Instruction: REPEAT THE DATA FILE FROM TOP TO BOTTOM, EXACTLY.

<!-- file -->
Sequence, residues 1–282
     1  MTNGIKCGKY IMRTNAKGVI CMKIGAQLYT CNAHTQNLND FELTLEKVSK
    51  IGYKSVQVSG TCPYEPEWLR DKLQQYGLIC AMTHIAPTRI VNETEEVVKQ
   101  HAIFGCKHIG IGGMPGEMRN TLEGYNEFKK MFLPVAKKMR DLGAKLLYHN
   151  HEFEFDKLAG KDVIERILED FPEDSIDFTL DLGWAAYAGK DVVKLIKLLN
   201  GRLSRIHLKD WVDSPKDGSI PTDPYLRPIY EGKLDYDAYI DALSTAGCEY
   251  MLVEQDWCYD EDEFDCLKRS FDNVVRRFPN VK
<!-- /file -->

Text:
Sequence, residues 1–282
     1  MTNGIKCGKY IMRTNAKGVI CMKIGAQLYT CNAHTQNLND FELTLEKVSK
    51  IGYKSVQVSG TCPYEPEWLR DKLQQYGLIC AMTHIAPTRI VNETEEVVKQ
   101  HAIFGCKHIG IGGMPGEMRN TLEGYNEFKK MFLPVAKKMR DLGAKLLYHN
   151  HEFEFDKLAG KDVIERILED FPEDSIDFTL DLGWAAYAGK DVVKLIKLLN
   201  GRLSRIHLKD WVDSPKDGSI PTDPYLRPIY EGKLDYDAYI DALSTAGCEY
   251  MLVEQDWCYD EDEFDCLKRS FDNVVRRFPN VK